4. The Corvette’s front fascia houses each complete headlight assembly. Behind the headlight door is this mechanism, which rolls the headlight door open and closed. The only thing missing here is the headlight door.
5. To get smooth headlight function, begin the rebuild by cleaning up the actuator roll pins on the doors like we are doing here with steel wool or a scouring pad. If the surface is badly pitted you can fill the pits with a good epoxy resin and work it smooth. You want buttery smooth pin surfaces for flawless function.
6. We’ve got the pin’s surface cleaned and the spacer installed. All pitting and corrosion must be removed from the pin for smooth operation. During assembly, dress these pivot pins with white lithium grease.
7. Each headlight door assembly gets two of these pivot bushings. Again, lubricate these nylon bushings with white grease for smooth function and longevity.
8. It’s a good idea to chase all the threads before assembly begins. Damaged threads can cause binding and, potentially, fastener damage. Chasing them with a thread chaser improves fastener installation.
9. Install the headlight door stops next. Allow yourself adjustment room.
10. We’re opting for all-new headlight mounting and adjustment hardware from Corvette Central because it looks good and eases installation.
11. The headlight dishes are next using the Corvette Central-provided hardware. This is one of two adjustment screws for each headlight.
12. This headlight dish tension spring from Corvette Central applies tension to each of the headlight dishes, which keeps the headlight properly aimed once adjusted.
13. The headlight door assemblies are complete except for the headlights.
14. We’ve installed new Wagner headlamps in the door assembly. If you’re building a driver, opt for Halogen headlamps, which are much brighter than those classic sealed beams.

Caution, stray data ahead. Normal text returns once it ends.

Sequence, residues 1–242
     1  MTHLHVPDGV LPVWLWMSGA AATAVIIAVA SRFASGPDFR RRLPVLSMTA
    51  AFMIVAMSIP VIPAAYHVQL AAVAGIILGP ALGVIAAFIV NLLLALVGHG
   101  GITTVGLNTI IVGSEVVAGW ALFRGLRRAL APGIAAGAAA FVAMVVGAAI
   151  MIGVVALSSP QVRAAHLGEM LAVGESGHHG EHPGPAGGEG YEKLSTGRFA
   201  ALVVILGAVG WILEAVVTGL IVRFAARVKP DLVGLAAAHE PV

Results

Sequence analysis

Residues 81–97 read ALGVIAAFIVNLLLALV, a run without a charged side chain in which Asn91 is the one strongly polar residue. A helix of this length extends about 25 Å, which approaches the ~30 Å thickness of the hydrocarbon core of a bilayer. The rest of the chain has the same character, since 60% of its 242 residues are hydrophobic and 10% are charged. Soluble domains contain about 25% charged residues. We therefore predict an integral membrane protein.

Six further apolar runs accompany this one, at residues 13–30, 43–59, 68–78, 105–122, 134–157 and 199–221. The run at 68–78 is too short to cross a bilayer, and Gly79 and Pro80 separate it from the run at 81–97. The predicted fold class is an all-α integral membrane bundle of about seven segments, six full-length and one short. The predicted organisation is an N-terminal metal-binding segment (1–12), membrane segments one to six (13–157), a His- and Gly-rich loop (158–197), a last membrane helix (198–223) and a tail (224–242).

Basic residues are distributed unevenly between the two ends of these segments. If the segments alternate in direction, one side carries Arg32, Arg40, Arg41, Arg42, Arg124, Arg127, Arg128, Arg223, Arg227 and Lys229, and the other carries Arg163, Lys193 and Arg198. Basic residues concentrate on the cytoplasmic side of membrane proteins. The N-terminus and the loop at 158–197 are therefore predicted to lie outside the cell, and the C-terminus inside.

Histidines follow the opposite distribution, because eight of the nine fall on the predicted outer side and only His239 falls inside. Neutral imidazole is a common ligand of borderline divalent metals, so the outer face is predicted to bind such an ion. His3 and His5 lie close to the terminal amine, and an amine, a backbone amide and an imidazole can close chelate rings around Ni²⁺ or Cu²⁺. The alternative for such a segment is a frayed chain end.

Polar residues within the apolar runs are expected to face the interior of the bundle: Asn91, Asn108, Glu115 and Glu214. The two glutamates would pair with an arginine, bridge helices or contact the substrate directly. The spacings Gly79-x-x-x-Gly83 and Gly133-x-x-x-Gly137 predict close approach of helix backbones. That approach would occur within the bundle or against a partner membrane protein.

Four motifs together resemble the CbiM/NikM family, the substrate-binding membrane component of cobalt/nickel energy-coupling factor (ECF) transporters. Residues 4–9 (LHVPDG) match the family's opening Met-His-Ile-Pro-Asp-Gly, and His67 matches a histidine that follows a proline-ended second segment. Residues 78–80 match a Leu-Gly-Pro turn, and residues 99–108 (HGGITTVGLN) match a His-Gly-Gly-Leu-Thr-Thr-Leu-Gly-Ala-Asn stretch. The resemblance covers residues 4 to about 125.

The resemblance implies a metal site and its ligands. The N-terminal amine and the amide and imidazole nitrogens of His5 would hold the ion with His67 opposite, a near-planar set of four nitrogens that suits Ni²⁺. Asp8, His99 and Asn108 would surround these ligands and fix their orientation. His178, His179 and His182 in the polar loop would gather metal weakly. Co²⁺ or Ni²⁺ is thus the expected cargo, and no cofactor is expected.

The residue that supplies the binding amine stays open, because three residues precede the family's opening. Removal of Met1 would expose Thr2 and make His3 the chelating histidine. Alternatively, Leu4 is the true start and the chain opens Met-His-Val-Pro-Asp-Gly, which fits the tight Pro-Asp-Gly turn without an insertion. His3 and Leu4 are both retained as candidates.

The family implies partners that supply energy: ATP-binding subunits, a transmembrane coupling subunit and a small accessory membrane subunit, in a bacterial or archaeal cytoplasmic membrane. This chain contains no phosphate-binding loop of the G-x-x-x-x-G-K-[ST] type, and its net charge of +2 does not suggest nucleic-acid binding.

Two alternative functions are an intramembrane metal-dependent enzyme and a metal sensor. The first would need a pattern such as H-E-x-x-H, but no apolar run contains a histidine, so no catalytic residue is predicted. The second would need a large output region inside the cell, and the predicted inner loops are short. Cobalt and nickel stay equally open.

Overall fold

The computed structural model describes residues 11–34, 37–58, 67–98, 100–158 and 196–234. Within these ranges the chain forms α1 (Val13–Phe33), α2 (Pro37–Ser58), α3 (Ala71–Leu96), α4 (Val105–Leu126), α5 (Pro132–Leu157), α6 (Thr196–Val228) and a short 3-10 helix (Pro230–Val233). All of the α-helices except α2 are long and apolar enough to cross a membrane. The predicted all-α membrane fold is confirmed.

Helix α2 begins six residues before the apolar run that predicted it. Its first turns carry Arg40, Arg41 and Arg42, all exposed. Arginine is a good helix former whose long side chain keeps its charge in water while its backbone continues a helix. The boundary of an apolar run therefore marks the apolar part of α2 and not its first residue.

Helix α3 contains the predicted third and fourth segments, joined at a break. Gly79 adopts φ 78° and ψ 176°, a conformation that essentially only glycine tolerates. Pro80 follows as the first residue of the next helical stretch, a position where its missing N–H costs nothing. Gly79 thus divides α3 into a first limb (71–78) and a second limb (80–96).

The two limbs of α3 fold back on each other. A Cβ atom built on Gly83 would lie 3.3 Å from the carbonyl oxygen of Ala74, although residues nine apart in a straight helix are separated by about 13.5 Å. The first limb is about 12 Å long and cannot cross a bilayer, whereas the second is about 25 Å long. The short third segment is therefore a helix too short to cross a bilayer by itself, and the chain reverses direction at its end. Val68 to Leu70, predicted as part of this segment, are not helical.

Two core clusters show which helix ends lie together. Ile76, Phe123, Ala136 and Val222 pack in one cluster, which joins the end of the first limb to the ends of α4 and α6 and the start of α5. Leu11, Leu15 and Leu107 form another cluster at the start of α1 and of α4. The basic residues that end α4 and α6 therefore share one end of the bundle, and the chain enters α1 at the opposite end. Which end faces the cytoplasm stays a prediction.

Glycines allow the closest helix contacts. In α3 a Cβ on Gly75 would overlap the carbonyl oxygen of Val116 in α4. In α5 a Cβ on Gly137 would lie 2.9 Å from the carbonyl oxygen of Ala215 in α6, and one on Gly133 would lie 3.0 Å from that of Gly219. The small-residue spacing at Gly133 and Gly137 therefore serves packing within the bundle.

15. These nylon inserts and bushing and pin go together to tie the headlight door actuator rod to the headlight door. Apply white lithium grease to the pin and insert for smooth operation.
16. This nylon bushing and pin provide the pivot point for the link that transmits linear motion from the actuator to the headlight door.
17. This is the adjuster that limits travel of the link that ties the actuator to the headlight door.
18. This nylon bushing and pin are what the link pivots on as the headlight door is moved by the actuator. Apply white lithium grease to the bushing and pin, and assemble as shown.
19. The link pivot pin and bushing are installed as shown using a liberal amount of grease between the pin and the bushing.
20. The pin is secured with a cotter pin as shown. Expect to have to replace these bushings roughly every 10 years, especially in dry climates.
21. Here’s another look at the nylon bushing and pin that join the actuator rod endlink and link.
22. Here’s the completed headlight door actuator with springs installed. Yours should look like this.
23. Dru Beeler of Hot Rods by Dean installs the headlight door assembly as shown. You have to get underneath to attach the pivots to the body.
24. The actuator link is then connected to the headlight door, which is tricky because it’s in a tight spot.
25. With the headlights switched on, the headlight door should look something like this. The headlight door stop, not shown here, adjusts how far the headlight door opens.
26. With the headlights off, the door should sit flush with the fascia.
27. Here’s what the headlight door looks like off and closed below the surface, behind the grille.
28. Here’s the headlight door stop, which limits door travel when headlights are on.
29. The headlight protector shield, from Corvette Central, is an often left-off piece, especially when there’s repair work after front-end damage to your C3 Corvette. Don’t leave it off. Its purpose is to protect the headlights.
30. Make sure to use new attachment clips, as these hold the mounting screws firmly in place.
31. Here, the rubber headlight protector shield is in place and ready to go before the front grille work is positioned.
Photos by Brian Brennan